The atmosphere in the Likud faction merely reflected the feeling in the Knesset as a whole. Members of Knesset continue to bicker, insult, and snub. Gone is all the tsk-tsking of, “Together we’ll win.” All the talk about unity and cohesion we’ve heard from politicians since October 7 has faded into smoke.

The prime minister and defense minister, who are waging a bloody war against a common foe, are simultaneously locked in a bitter political struggle against each other. We’ve gotten used to the noise, but what highlighted the magnitude of the crisis at the Likud faction meeting was the moment it strayed outside Israeli politics, with the news of ICC Prosecutor Karim Khan’s decision to seek arrest warrants against Netanyahu and Gallant. In an instant, the Likud faction meeting went from a chaotic melee to a spontaneous show of support for the embattled prime minister and defense minister.

Like it or not, ever since they fell asleep on their watch on October 7 — or weren’t woken by the chief of staff, in their version — Netanyahu and Gallant’s fates are inextricably linked. The request to issue arrest warrants against them and Sinwar is beyond outrageous — not only on the part of the ICC prosecutor, but also because it draws attention to the small-mindedness of local politicians who are engaged in a civil war at the same time they should be uniting against our shared enemy.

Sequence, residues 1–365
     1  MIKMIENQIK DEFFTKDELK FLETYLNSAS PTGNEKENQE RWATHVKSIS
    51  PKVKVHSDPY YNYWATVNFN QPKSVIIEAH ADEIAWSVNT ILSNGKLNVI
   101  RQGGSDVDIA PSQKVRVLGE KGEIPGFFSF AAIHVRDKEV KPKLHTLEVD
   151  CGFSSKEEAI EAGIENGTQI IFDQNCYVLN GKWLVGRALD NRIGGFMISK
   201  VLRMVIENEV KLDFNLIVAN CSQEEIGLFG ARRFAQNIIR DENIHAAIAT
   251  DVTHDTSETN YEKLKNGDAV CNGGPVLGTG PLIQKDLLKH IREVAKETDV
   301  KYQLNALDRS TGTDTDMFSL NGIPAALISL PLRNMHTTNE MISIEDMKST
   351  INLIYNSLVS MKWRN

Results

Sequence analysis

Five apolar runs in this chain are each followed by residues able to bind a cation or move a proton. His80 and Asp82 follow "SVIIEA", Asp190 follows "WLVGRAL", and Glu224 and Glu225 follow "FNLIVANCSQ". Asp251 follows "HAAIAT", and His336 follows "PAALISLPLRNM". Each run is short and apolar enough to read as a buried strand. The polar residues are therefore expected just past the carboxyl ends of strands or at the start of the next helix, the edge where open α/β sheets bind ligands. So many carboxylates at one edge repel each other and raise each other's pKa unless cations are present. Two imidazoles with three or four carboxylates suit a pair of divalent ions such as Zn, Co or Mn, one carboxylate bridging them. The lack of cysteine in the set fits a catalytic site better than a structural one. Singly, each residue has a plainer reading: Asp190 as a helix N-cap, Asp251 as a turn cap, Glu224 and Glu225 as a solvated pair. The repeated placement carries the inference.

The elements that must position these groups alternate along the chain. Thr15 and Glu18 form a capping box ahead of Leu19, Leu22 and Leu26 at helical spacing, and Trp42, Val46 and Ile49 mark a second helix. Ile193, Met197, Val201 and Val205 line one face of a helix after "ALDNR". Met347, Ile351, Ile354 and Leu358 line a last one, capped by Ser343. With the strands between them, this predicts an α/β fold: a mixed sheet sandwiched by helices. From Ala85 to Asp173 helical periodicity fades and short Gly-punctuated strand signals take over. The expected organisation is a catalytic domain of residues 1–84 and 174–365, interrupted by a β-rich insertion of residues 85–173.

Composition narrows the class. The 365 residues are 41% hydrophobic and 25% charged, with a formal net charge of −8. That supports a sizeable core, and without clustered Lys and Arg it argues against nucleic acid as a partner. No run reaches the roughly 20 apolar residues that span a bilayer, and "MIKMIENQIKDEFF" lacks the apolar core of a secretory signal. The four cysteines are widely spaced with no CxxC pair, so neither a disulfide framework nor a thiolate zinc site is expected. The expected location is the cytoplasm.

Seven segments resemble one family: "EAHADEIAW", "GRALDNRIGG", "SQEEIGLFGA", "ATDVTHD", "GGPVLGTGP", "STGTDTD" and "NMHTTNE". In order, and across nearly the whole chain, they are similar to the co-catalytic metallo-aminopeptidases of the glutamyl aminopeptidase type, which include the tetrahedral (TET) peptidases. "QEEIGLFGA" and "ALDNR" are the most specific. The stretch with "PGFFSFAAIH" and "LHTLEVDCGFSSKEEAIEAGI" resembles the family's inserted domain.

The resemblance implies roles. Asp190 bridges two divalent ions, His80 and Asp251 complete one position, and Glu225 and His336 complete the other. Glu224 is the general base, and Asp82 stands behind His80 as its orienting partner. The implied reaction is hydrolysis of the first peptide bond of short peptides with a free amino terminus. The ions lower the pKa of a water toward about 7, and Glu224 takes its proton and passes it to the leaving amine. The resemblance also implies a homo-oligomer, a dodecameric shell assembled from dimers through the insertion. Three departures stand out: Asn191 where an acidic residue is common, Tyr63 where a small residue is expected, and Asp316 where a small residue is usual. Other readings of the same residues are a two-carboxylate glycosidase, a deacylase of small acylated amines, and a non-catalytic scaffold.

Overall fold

The prime minister’s Wing of Zion aircraft took off last weekend on a test flight to Rome loaded with Guinea pigs, in the form of satisfied civil servants enjoying the luxuries of the jetliner at the height of the war — but after the prosecutor’s decision, no flights to Europe are on Prime Minister Netanyahu’s or Defense Minister Gallant’s calendars.

But on the political level, the low point of the chief prosecutor’s announcement in the Hague was only a boost. There’s no one like our prime minister when it comes to leveraging a common enemy.

The immediate dividend was the entire political system, with the exception of the Arab Hadash–Ta’al Party and the increasingly out-of-touch Labor Party, coming out in support of the prime minister. Benny Gantz, chairman of National Unity, sitting in the war cabinet on borrowed time, was forced to shelve his aggressive speech against the prime minister and come out in his defense.